2) Perform a focused and comprehensive clinical assessment

As with most primary care assessments, a key role of the initial interview is to identify people who may have a serious cause for their pain. People with clinical features of serious pathology (red flags) require appropriate monitoring or referral. Ensure those exhibiting signs of a substance abuse disorder (e.g. reporting work or family problems related to opioid use) or who are withdrawing from long-term opioid use, have adequate medical, psychological, and social support.

In addition to the usual history and physical examination, some useful questions to gauge psychosocial influences on pain include:

  • What concerns you the most about your pain?
  • Have you been told what is causing the pain?
  • Were there any major changes or stresses in your life when the pain started or increased? This is important as we now know that stress can sometimes increase or prolong pain related to a given injury.
  • Can you tell me a bit about bout your usual sleep, diet and exercise regime?

Some of the psychosocial determinants of pain and related disability can be assessed formallyusing validated questionnaires such as the Pain Catastrophising Scale.

Clinical guidelines now suggest using validated prognostic screening tools, which combine information from a series of psychosocial questions for low back pain. These tools help guide discussions about recovery and the intensity of physiotherapy management required. Examples for low back pain include the STarT Back Screening Tool and the PICKUP Tool.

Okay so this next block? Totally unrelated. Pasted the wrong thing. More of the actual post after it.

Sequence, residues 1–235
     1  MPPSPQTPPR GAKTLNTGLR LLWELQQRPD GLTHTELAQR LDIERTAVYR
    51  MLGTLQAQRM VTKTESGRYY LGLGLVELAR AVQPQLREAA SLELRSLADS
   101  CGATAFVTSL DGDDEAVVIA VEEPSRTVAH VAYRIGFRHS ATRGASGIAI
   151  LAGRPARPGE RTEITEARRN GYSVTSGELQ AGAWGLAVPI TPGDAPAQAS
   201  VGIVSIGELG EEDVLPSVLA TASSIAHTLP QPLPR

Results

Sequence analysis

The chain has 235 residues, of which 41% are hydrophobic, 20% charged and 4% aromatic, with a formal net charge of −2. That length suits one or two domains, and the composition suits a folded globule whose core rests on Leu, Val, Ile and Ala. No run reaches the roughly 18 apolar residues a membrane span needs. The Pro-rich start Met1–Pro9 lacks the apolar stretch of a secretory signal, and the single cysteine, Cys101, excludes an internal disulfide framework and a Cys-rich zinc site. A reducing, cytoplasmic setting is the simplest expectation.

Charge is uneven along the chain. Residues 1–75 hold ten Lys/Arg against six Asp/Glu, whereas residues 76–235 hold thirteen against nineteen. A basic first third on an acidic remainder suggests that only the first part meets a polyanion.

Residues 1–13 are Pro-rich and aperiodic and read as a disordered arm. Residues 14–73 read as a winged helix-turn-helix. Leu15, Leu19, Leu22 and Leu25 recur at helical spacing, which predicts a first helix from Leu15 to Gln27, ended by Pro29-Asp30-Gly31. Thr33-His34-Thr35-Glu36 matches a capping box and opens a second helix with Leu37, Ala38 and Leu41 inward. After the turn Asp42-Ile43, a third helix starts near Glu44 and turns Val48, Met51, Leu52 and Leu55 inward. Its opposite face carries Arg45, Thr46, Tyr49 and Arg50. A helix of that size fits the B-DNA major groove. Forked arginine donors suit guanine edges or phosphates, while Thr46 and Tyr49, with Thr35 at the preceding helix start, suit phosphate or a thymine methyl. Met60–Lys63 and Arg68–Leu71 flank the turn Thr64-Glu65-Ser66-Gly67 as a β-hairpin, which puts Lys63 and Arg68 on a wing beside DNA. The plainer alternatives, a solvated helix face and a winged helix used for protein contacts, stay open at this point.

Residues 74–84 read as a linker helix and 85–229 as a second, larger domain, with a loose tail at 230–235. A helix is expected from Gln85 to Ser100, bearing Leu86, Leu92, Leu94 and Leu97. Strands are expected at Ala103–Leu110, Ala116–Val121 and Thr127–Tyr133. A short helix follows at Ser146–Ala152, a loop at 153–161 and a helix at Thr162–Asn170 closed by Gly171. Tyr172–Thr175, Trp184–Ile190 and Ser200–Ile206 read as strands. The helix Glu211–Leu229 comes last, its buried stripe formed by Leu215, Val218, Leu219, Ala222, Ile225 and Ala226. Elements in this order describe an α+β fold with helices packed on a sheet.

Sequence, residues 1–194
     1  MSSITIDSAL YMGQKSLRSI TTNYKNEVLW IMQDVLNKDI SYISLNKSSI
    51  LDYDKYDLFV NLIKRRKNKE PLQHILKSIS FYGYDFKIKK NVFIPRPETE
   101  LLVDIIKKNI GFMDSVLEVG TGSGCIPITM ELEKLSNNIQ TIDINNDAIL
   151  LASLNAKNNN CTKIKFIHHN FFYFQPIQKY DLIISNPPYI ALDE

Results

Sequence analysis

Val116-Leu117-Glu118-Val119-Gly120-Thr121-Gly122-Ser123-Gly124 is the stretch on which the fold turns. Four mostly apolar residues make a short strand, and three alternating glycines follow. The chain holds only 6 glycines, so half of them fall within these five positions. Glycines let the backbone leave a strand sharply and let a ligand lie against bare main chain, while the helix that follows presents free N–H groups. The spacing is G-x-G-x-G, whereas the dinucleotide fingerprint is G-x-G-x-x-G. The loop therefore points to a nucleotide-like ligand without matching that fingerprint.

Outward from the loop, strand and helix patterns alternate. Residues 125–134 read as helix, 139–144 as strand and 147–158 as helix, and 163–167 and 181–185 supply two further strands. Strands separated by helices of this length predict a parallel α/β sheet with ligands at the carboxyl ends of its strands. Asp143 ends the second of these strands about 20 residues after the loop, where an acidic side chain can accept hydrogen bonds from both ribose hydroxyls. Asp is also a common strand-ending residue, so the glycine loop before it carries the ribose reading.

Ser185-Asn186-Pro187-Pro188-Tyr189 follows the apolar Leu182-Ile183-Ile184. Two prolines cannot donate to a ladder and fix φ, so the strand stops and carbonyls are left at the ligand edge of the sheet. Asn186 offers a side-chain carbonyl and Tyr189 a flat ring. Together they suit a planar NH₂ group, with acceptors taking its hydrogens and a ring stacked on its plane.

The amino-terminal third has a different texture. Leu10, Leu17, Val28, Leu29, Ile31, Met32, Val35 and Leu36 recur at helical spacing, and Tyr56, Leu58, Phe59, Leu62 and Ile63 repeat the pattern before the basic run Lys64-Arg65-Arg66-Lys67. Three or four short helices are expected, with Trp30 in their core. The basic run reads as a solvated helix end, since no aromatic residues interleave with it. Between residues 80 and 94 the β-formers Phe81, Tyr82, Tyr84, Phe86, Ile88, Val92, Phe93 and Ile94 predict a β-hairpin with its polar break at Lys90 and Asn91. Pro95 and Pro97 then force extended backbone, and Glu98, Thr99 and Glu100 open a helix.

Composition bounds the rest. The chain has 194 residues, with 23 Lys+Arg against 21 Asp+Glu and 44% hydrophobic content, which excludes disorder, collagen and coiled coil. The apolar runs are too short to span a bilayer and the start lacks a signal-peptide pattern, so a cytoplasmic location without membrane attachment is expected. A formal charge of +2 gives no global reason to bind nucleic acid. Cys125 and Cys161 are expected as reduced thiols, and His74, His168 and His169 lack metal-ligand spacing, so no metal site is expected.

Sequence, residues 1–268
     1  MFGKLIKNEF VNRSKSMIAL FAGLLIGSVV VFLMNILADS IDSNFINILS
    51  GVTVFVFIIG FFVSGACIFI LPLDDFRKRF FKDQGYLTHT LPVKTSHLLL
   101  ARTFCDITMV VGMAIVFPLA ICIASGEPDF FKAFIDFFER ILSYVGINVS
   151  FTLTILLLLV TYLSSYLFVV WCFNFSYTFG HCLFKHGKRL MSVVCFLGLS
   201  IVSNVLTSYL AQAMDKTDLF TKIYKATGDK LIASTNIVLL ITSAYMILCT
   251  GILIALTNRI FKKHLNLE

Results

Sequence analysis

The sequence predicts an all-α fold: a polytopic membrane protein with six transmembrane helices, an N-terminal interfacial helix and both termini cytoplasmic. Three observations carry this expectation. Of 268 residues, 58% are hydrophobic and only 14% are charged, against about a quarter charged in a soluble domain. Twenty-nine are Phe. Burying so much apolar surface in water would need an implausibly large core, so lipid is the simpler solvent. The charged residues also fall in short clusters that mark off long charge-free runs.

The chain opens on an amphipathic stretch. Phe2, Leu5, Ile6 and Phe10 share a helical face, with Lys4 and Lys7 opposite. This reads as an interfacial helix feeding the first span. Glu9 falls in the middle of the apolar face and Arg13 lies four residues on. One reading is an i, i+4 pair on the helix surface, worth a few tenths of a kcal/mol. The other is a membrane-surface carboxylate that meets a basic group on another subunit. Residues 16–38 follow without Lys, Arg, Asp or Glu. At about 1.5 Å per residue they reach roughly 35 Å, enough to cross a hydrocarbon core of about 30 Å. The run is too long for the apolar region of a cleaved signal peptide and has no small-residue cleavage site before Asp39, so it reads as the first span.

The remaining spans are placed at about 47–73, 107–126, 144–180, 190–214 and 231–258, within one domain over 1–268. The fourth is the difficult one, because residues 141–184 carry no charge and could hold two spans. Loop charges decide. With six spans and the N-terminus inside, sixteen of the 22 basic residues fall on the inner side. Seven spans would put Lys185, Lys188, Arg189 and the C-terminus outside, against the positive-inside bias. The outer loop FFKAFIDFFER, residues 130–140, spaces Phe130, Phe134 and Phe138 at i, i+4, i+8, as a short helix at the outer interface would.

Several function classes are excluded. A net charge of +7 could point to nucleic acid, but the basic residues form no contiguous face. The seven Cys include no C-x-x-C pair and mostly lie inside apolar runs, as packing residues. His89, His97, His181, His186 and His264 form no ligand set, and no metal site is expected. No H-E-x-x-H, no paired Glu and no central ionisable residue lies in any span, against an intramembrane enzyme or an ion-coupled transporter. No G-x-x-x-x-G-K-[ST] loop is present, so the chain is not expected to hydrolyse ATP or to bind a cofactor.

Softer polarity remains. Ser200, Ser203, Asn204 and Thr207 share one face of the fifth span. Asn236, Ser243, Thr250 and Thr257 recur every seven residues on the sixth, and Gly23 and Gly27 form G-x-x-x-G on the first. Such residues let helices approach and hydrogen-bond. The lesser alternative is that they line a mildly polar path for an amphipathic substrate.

3) Provide reassurance

Briefly explaining a person’s symptoms can reduce fear and concern about pain (Effect of Primary Care–Based Education on Reassurance in Patients With Acute Low Back Pain, Systematic Review and Meta-analysis). Acute pain with a clear nociceptive origin, for example an ankle ligament injury, is straightforward to explain. However, pain without a clear origin can be more challenging, for example, non-specific low back pain, and many types of chronic pain cannot be explained using a specific pathoanatomical diagnosis. Consider explaining these non-specific pain conditions within the broader biopsychosocial context of pain. There are free resources available to help explain pain ‘in less than 5 minutes’.

Rather than providing diagnostic labels, which can increase concern and promote unnecessary tests and treatments, focus discussions about pain on the person. Which biopsychosocial factors from the history and examination appear to be contributing to this person’s pain? Discuss the results of prognostic screening. Are there any unhelpful beliefs that need to be addressed? Some people may not be aware of how complex and adaptive pain can be. For example, they may not know that:

  • Opioids are not very effective for chronic pain and have substantial risk for harms.